Metamaterial absorbers consisting of metal, metal-dielectric, or dielectric materials have been realized across much of the electromagnetic spectrum and have demonstrated novel properties and applications. However, most absorbers utilize metals and thus are limited in applicability due to their low melting point, high Ohmic loss and high thermal conductivity. Other approaches rely on large dielectric structures and / or a supporting dielectric substrate as a loss mechanism, thereby realizing large absorption volumes. Here we present a terahertz (THz) all dielectric metasurface absorber based on hybrid dielectric waveguide resonances. We tune the metasurface geometry in order to overlap electric and magnetic dipole resonances at the same frequency, thus achieving an experimental absorption of 97.5%. A simulated dielectric metasurface achieves a total absorption coefficient enhancement factor of FT=140, with a small absorption volume. Our experimental results are well described by theory and simulations and not limited to the THz range, but may be extended to microwave, infrared and optical frequencies. The concept of an all-dielectric metasurface absorber offers a new route for control of the emission and absorption of electromagnetic radiation from surfaces with potential applications in energy harvesting, imaging, and sensing.
© 2017 Optical Society of America
The study of guided electromagnetic waves began in earnest after the establishment and verification of Maxwell’s equations in the late 1800s. In 1897 Lord Rayleigh investigated the transmission of electromagnetic waves in hollow perfectly conducting tubes , while in 1899 Arnold Sommerfeld investigated waves guided by wires [2–4]. In 1909 Sommerfeld’s work was extended by his student - Demetrius Hondros - who obtained a more complete solution to the propagation of surface electromagnetic waves on wires . Hondros went on to work with Peter Debye and they predicted that a solid lossless dielectric of circular cross section could support a TM electromagnetic wave that is confined within the dielectric – except for a small portion lying outside of the cylinder which decreases exponentially . Although experimental verification of the TM guided wave was performed only a few years later [7–9], it would take another two decades before a full mathematical analysis was carried out in 1936 . It was found that both transverse electric (TE) and transverse magnetic (TM) modes exist on a dielectric with a circular cross section, where the electric or magnetic field is transverse to the cylindrical axis. Further, the fields for both the TE and TM modes were shown to be axisymmetric and thus have no azimuthal dependence. Notably, it was also shown that a cylindrical dielectric guide can support hybrid modes which lack azimuthal symmetry, and thus possess angular dependence. As we will show these hybrid modes are of great utility for potential applications, since they are approximate electric dipole (EH) and magnetic dipole (HE) modes, which can be independently tuned through modification of the waveguide geometry [11,12].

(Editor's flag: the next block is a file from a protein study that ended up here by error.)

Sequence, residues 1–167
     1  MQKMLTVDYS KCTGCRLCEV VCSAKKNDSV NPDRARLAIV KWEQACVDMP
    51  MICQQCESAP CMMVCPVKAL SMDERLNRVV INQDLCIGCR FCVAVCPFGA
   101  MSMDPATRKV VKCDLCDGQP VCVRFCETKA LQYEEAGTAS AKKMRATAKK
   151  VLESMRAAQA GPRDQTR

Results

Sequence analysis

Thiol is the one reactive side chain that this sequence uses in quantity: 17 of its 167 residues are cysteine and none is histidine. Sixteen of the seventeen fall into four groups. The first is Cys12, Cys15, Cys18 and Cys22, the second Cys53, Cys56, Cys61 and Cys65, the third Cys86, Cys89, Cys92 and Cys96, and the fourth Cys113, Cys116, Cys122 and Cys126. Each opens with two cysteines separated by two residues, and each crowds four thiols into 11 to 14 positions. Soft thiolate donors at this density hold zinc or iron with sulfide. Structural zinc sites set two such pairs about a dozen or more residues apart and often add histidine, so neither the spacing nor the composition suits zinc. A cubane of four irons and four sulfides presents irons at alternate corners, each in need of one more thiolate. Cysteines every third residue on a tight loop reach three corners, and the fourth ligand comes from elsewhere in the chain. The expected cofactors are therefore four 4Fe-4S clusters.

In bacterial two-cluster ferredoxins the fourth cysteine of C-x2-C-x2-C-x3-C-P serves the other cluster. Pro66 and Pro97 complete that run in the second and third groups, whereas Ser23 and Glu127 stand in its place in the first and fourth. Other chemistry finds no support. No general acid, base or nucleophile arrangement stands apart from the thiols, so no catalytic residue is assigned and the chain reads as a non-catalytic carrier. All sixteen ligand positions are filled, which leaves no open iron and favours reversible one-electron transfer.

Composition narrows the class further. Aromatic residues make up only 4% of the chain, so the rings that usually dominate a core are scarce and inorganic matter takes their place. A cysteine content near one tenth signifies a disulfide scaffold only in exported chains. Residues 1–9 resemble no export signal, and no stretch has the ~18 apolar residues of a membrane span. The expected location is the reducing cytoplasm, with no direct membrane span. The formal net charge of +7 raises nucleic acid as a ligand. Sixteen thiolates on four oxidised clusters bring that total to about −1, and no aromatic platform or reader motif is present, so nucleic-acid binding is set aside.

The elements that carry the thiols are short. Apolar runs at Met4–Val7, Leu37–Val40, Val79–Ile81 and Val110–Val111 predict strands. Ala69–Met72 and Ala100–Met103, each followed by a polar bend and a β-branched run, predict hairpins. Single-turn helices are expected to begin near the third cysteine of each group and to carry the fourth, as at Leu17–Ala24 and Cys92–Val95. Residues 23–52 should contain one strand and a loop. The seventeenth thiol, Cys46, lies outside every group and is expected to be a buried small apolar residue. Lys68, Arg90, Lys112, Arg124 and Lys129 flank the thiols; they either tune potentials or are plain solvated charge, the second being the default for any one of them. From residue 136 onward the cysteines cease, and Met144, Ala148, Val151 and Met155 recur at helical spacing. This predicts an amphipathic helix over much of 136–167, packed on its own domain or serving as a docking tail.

Dielectric waveguides have been proposed for many applications including dielectric resonators  for bandpass and bandstop filtering applications, antennas, frequency-selective limiters, and various types of oscillators [14, 15]. Dielectric based resonators further have the advantages that they avoid Joule heating – which may occur in a comparable metallic based system – and further may be fashioned from materials which yield good temperature stability for applications. Although traditionally the utility of an all-dielectric waveguide is to transmit electromagnetic waves with little loss, here we form a 2D array of short cylindrical waveguide stacks and use them in the opposite sense. That is, through modification of the geometry, we can tune the lowest order HE and EH modes to overlap in frequency, such that incident energy is not transmitted nor reflected, but rather is completely absorbed entirely within the dielectric. The resulting composite material thus functions as a sub-wavelength metasurface with tunable permittivity and permeability permitting the realization of an all-dielectric absorber .